Table 4 Plant height, dry herbage yield, andrographolide concentration and andrographolide yield in leaves of Andrographis paniculata at 140 DAT

Andrographolide content

The mean value for the andrographolide concentration in herbage was 1.50% on a dry weight basis. There was a significant variation among the different morphotypes of Andrographis paniculata for the andrographolide concentration in herbage. The highest andrographolide concentration was in AP18 and AP 2 (1.54%) and the lowest in AP 13 (1.40%) (Table 4). The deficit soil moisture stress condition caused an increase in andrographolide concentration by 6% in comparison to the control plant. The effect of MeJ and SA as a foliar application on andrographolide concentration was non-significant with a negligible increase in the case of SA-treated plants. The mean value of andrographolide yield of all morphotypes was 0.68 mg plant−1. AP 35 topped for having the highest andrographolide yield of 0.84 mg plant−1 whereas AP 2 had the lowest andrographolide yield of 0.57 mg plant−1. Deficit soil moisture stress condition declined the andrographolide yield from 0.71 to 0.65 mg plant−1 accounting 8.21% reduction. Application of MeJ and SA did not show any significant effect on the dry herbage yield of any morphotypes.


In irrigated cropping areas of the world, the water deficit stress is one of the most influential abiotic factors affecting crop yield. The difference between the water absorbed by the roots and lost through transpiration by the leaf is reflected by leaf RWC content. Reduced leaf RWC content showed the soil–plant water relationship was disturbed (Patanè et al. 2022). The reduced RWC is in accordance with the reduced soil moisture content of the soil. When the evaporative loss exceeds the uptake of water amid deficit soil moisture content, reduced RWC is reported (Tian et al. 2022). In response to decreased soil moisture availability, the plant closes its stomata to reduce transpiration. At the same time, the osmoprotectants produced in the cells together with the decreased RWC cause a decline in water potential (Ψ).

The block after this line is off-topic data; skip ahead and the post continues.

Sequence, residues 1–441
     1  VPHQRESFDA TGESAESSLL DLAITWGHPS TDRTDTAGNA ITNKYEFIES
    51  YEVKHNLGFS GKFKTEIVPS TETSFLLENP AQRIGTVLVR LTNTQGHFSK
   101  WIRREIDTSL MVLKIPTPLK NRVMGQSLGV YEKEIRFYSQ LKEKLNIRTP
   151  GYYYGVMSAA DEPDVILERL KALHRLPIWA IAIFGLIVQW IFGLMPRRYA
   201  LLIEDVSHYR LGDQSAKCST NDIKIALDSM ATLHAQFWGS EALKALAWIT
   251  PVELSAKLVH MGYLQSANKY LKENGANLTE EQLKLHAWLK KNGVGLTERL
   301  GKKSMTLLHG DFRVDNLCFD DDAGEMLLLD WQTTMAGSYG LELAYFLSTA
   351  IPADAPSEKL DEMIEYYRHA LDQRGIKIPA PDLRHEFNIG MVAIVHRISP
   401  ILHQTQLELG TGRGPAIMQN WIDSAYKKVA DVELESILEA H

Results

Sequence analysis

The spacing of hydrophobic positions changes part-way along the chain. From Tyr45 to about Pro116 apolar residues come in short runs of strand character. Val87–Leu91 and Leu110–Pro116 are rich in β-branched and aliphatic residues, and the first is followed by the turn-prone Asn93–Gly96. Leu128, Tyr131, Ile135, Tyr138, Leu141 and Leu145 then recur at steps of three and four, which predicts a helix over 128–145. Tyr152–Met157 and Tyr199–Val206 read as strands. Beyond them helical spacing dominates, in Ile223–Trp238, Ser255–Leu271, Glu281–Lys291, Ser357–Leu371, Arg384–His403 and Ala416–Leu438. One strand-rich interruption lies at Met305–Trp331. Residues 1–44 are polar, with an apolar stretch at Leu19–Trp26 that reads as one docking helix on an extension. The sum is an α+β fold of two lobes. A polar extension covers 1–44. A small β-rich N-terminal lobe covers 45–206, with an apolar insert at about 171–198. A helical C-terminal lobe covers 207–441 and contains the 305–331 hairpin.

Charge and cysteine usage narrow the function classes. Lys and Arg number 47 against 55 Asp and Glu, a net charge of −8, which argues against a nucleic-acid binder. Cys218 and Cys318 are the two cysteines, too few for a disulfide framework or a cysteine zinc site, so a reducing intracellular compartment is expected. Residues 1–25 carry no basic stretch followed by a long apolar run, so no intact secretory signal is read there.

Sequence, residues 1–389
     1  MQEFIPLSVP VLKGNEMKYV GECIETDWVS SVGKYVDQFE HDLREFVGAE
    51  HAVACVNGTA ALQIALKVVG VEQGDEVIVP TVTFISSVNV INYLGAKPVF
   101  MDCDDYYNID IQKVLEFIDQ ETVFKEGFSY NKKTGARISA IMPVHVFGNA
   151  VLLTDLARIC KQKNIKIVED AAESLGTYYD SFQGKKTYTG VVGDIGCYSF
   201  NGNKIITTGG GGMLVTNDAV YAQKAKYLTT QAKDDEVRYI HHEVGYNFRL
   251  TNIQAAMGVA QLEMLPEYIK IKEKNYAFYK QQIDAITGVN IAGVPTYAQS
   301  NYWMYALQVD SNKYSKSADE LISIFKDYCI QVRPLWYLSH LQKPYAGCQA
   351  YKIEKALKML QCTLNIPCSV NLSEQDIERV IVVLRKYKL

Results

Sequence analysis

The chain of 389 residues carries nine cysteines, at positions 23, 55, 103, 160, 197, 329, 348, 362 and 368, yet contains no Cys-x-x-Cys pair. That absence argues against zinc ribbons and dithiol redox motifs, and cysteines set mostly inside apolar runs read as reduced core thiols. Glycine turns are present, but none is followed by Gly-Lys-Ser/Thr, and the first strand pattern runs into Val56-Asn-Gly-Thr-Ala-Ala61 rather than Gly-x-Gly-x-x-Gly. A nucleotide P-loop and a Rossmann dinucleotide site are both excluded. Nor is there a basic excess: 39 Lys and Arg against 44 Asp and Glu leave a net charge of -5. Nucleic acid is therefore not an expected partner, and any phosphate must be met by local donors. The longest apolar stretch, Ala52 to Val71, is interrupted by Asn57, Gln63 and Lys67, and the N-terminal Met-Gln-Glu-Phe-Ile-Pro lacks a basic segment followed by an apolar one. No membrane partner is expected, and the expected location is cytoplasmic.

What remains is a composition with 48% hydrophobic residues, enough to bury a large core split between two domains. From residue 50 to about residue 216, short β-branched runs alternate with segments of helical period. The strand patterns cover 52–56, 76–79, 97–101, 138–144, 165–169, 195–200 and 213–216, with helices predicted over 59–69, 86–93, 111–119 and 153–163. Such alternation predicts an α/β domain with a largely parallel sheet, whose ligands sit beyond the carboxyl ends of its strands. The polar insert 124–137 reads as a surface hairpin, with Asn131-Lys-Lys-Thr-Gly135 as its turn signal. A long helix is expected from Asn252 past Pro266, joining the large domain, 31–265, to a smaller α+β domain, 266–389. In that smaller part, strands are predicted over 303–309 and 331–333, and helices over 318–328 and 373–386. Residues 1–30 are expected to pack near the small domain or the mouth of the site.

Under stress conditions, the overall growth is reduced and hence the leaf area is also affected negatively. To prevent transpiration losses, one of the mechanisms plants employ is to minimize the surface area exposed to the ambient air under stress condition. This can be achieved by reducing specific leaf areas as a kind of protective mechanism. This in turn helps the plants to withstand the adverse impacts of deficit soil moisture availability in plants (Kalariya et al. 2017).

The genotypic difference in chlorophyll and carotenoid content are based on genetic makeup. Under stress conditions, the hydrolysis of chloroplastic proteins causes the degradation of proteins. In our study, the declined chlorophyll content seems to be because of the chlorophyll destruction decreasing leaf pigments during the primary stress stage of degradation of proteins. A decrease in chlorophyll content under water deficit stress has been considered a typical symptom of pigment photo-oxidation and chlorophyll degradation (Sánchez-Reinoso et al. 2019).